How my city turned into a battlefield 10 years ago

I remember on the evening of 27th Feb 2002 I was playing cricket with my friends. During drinks, one of my friends told me about this incident that took place in the morning, where a goods train carrying milk was burnt down in Godhra. My first reaction on listening to this was why the hell would someone want to burn down a milk train? That night I joined my dad to watch the daily news to confirm my friend’s story. The news was indeed showing images of a burnt train! It didn’t seem to me like a goods train though. It was a passenger train! Almost 58 people had lost their lives. I was shocked!

What followed next was a series of violent events across the state for the next 2-3 months which literally turned my city Ahmedabad into a battle zone. I was an 11 year old kid whose final exams were approaching. I remember reading one horrific story every day before going to school. The front page of our newspaper used to be splashed with images of vehicles & buildings burning, shops being looted and terms like ‘pitched battle between groups’, ‘stone pelting’, ‘arson’, ‘riots’, ‘police firing’, ‘tear gas, ‘mob’, ‘burning’ etc became very common.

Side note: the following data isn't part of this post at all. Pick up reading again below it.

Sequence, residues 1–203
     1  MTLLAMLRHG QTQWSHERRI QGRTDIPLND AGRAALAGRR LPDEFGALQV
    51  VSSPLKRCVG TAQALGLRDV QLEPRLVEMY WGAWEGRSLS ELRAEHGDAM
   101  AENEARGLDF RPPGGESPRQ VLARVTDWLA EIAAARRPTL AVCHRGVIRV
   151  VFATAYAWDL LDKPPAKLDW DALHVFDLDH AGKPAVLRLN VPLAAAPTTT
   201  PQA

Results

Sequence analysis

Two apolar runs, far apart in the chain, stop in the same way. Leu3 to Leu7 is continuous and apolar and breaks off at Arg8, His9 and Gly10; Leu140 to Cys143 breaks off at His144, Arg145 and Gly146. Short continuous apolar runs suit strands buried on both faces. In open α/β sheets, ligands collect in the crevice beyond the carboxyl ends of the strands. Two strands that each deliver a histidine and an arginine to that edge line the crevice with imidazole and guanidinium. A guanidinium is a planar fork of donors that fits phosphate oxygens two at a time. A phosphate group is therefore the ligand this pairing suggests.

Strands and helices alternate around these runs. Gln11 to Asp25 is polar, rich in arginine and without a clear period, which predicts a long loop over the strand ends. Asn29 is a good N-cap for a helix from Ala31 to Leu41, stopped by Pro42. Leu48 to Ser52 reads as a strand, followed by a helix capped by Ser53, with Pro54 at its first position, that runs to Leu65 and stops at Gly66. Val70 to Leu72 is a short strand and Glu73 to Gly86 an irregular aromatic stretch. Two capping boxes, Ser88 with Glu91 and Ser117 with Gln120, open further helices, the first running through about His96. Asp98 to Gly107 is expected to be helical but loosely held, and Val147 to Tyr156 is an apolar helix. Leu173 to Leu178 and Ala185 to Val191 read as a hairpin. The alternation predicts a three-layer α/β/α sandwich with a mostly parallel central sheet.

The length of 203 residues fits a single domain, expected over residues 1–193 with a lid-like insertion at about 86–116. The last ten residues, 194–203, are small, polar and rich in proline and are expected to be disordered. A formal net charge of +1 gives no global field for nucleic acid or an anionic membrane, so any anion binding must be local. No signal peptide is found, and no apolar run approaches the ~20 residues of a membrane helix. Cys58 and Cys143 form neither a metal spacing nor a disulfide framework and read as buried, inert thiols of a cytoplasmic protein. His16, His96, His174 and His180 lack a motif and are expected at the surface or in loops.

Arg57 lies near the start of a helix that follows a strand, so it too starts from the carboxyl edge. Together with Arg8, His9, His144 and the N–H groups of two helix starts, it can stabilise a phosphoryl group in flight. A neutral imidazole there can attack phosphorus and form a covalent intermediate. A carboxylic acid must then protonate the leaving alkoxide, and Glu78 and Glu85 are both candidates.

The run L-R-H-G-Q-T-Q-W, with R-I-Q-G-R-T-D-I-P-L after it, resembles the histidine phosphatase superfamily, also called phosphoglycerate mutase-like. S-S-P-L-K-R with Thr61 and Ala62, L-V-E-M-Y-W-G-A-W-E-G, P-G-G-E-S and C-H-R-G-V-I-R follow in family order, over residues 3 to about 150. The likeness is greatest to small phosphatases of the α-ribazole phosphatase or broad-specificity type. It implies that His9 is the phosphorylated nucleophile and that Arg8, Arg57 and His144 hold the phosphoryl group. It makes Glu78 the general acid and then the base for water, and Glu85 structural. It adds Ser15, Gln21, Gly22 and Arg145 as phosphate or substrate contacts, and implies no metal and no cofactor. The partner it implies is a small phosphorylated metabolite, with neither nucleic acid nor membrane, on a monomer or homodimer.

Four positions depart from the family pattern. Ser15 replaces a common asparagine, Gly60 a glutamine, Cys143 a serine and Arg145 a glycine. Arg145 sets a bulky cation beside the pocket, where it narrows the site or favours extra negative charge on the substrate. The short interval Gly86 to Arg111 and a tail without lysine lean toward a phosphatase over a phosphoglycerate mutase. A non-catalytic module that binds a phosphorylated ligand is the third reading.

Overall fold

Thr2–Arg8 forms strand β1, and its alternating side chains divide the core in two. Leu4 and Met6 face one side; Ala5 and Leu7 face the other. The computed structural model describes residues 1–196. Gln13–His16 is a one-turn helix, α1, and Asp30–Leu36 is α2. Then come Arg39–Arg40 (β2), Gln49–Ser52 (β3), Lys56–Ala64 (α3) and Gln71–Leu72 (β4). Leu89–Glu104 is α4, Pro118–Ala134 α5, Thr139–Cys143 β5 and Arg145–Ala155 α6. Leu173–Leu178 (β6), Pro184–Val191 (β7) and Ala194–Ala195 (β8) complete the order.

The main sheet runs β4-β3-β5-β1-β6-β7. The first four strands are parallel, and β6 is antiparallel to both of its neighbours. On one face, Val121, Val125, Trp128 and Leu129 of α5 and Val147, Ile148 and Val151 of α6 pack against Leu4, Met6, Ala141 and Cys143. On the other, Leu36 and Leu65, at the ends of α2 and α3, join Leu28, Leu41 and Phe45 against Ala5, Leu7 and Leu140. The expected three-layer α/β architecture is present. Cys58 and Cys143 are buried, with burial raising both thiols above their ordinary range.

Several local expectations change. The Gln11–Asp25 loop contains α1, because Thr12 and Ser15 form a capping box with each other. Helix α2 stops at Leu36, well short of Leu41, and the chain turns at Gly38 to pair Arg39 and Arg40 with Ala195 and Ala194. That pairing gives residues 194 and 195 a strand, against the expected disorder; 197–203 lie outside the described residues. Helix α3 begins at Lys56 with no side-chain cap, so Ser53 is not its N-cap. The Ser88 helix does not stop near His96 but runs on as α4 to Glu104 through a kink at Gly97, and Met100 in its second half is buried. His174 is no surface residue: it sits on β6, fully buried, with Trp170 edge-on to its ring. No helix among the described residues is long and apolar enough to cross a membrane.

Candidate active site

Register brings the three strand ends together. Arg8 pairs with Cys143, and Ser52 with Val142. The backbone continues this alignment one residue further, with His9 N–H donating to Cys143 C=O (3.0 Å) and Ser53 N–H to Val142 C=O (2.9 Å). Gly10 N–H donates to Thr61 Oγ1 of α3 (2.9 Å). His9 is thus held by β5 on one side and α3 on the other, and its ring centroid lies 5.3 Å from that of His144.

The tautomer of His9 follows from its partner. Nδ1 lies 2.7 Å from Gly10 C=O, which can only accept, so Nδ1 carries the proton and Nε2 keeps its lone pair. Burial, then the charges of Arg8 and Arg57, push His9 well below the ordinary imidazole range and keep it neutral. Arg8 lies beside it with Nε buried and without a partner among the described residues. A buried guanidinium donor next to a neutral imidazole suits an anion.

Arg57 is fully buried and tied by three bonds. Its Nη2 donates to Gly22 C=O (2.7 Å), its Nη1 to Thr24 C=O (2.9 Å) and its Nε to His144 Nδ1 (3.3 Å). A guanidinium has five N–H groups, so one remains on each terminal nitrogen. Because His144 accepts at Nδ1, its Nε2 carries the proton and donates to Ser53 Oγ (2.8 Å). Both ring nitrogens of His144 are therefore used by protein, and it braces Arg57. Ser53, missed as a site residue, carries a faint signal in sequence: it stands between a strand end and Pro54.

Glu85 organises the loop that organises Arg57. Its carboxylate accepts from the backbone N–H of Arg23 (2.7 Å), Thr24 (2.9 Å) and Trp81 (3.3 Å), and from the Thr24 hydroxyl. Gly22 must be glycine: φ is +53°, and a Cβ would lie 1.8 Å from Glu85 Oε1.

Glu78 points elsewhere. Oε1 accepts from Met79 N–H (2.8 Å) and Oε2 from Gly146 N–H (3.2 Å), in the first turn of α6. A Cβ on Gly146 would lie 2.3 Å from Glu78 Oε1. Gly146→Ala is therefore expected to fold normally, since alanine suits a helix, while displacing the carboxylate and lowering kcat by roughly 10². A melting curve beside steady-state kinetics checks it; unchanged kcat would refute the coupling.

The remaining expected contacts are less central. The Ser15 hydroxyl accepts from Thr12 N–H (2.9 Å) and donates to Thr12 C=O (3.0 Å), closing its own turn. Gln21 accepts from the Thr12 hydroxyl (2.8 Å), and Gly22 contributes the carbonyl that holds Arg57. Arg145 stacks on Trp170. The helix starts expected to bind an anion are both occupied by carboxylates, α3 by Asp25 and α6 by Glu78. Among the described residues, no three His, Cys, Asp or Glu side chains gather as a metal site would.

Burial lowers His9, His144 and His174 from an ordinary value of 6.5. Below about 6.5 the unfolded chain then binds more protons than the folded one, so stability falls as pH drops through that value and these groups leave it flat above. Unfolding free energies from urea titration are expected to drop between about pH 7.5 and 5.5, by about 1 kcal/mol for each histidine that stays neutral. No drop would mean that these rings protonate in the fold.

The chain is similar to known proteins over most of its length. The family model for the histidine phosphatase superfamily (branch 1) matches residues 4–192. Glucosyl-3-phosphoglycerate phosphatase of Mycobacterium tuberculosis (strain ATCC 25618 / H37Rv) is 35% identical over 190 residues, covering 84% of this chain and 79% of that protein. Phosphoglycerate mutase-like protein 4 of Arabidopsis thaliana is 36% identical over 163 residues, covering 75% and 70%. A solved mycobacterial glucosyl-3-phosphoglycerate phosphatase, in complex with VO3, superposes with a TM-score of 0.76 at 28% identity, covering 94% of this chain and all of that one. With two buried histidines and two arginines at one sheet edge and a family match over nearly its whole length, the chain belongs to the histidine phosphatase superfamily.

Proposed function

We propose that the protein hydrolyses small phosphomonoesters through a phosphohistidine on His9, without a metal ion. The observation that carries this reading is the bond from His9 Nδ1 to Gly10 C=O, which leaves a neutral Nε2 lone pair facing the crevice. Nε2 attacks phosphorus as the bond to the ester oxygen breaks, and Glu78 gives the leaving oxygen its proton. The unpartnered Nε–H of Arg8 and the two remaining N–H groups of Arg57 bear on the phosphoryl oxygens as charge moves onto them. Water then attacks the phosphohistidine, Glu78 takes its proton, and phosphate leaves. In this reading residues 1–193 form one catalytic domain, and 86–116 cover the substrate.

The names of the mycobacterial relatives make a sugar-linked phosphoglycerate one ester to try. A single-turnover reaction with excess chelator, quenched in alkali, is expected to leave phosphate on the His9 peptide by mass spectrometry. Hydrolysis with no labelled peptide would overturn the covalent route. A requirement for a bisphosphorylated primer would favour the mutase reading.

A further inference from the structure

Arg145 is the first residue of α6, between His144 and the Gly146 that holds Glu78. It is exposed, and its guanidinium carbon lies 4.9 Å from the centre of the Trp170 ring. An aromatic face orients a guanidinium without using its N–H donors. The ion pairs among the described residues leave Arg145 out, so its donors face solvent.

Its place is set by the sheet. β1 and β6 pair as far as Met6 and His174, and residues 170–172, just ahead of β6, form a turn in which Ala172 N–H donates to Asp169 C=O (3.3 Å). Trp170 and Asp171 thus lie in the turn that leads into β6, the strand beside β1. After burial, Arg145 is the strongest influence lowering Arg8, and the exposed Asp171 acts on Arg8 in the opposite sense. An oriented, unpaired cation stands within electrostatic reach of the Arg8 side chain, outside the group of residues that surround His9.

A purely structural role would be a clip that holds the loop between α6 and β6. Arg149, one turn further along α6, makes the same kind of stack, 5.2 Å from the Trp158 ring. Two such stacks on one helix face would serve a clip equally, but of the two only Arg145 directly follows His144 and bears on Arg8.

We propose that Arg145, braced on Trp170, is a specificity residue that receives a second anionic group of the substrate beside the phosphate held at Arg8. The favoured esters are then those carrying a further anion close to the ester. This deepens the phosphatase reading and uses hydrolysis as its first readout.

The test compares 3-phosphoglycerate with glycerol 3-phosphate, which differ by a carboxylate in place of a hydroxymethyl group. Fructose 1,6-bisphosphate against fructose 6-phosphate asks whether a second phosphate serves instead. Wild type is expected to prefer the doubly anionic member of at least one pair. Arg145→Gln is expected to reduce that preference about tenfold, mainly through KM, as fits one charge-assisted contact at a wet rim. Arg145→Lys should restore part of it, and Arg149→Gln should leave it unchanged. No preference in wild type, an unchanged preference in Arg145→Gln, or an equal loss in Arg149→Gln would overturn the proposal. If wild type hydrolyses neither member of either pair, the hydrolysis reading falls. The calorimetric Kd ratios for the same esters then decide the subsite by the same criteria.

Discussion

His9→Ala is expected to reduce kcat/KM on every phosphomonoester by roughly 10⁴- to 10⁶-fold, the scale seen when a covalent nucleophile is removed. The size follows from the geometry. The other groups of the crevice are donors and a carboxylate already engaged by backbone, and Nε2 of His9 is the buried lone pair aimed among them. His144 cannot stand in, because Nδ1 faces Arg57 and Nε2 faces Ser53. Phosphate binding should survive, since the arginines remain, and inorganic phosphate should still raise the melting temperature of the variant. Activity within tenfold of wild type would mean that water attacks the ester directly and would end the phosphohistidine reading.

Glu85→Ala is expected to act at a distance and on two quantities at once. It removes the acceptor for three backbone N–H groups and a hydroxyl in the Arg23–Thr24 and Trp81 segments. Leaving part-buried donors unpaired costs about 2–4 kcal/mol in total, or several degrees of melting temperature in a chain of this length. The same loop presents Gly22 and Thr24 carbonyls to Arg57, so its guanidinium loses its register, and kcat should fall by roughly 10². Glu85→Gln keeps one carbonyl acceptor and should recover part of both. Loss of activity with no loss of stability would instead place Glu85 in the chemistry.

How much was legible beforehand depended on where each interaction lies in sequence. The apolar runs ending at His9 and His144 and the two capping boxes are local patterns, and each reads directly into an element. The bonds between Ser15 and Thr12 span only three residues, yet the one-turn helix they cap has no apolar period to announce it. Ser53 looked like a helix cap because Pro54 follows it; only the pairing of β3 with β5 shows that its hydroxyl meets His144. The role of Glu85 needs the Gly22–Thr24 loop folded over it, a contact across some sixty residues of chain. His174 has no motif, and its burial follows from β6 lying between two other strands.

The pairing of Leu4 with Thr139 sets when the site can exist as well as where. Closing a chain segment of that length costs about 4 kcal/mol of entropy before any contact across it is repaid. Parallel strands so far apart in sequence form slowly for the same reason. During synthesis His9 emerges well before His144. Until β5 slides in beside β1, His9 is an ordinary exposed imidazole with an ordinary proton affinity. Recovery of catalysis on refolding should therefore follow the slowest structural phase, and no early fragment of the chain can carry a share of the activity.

In the first week following the Godhra burning when the riots were on full flow, a curfew was imposed barely 500 meters from my locality where I used to live back then. I remember almost around 50 men from my locality used to wake up all night and patrol with sticks. People had started stocking their homes with essentials like flour, sugar and salt to name a few. Schools and colleges were closed and so was my dad’s office for some time. There were days when the evening sky used to be thick with black smoke coming from a building being burnt somewhere in Vejalpur or Juhapura some kilometres away from our place. There were moments when gun shots were fired behind our house at night to scare the rioters away from the area. A picture of C.G Road, which is the most expensive street in the city, being looted by the rioters was splashed across the newspapers. The topic of gossip in my school turned from cricket or football to a Honda showroom being burnt to the ground on S.G Highway or a Muslim dry cleaner’s shop (whose clients included many of our students and teachers) burnt in Memnagar (the area where my school is located). The atmosphere in Ahmedabad was filled with fear. The only Muslim students (brother and sisters) in our school of 1200 students had to leave the school at the end of the academic year of 2002 as their families had to migrate to another city. Going to the eastern part of Ahmedabad used to be considered as very dangerous in those two months. It is the region having the densest population and it has a mixture of Hindus and Muslims in high numbers as compared to the western part of the city which is dominated by Hindus with the exception of areas like Juhapura (one of the largest Muslim ghetto in Asia) and Sarkhej. There was a riot every now and then in these regions. In 2003 when I was passing through Godhra on my way to my home city Chandigarh I saw the S6 coach of the Sabarmati Express which was burned down in the attack.